Considering that a large part of what I use twitter for is finding great things to read, and then to tweet them out to my followers, I’ve decided to streamline this process a little bit. Considering that some of my analytics work (but don’t worry, not all) will be transferring to Hockey Prospectus, I’ve decided to pick a piece of writing, every day (okay probably not every day) that I believe to be truly great. This could be a work of analytics, something conceptual, it doesn’t even necessarily have to relate to sports, although it most often will. Instead of posting said piece on twitter, I will post in hear under the headline “AP Hockey Story of the Day” and, time-willing, will offer some brief thoughts on the piece.
So long story short, if you like reading the types of articles I tend to tweet out, make sure you either visit the blog frequently, or at the very least keep tuned to my twitter account as I tweet out links to these pages each day.
Without further ado, my story of the day for October 22nd is this piece by Jack Moore of vice, “How Wall Street Strangled the Life out of Sabermetrics“.
1. Moore writes something of a bittersweet tale of the birth and, to an extent, death of the public analytics movement in baseball. Morganization, the process that the business world underwent in the early 20th century revolutionizing efficiency, is a great parallel to what took place in baseball ten years ago, and what seems to be occurring in hockey today.
2. The big question is what comes next. How far do hockey teams go in their attempts to keep advanced knowledge out of the public sphere, and has the so-called “Summer of Analytics” in fact set the sport back in terms of public analytical progress.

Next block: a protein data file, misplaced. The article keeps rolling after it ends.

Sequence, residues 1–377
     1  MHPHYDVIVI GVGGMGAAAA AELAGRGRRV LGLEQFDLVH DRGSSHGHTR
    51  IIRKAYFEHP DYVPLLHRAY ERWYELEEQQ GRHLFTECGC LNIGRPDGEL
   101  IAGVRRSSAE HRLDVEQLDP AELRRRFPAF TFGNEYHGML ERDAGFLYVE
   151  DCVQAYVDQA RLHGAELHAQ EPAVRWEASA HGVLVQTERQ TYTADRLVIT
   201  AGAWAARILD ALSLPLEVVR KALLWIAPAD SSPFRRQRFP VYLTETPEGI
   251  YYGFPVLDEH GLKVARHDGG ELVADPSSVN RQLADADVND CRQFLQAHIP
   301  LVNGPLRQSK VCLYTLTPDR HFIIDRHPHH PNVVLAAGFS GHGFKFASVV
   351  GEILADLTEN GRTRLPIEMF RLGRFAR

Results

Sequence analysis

3. The next big frontier in hockey is determining a valid catch-all statistic. Not because a catch-all in itself is important, but because it’s critical in evaluating performance monetarily. For example, how much does a win cost? How much does a 30-goal scorer cost? How much is a top-end GM worth? With that type of analysis, the market should correct itself even more than it already has. Sidney Crosby will make more money. Stan Bowman will make more money. Eventually, Stan Bowman’s analytics team (if it can continue to distinguish itself from the pack) will make more money.
4. I loved the anecdote about British mathematician G.H. Hardy. The guy was thrilled to be working in meaningless mathematics because his work couldn’t, say, help scientists to build weapons of mass destruction. Sure enough, after his death, Hardy’s work became the foundation for modern cryptography. It had use after all.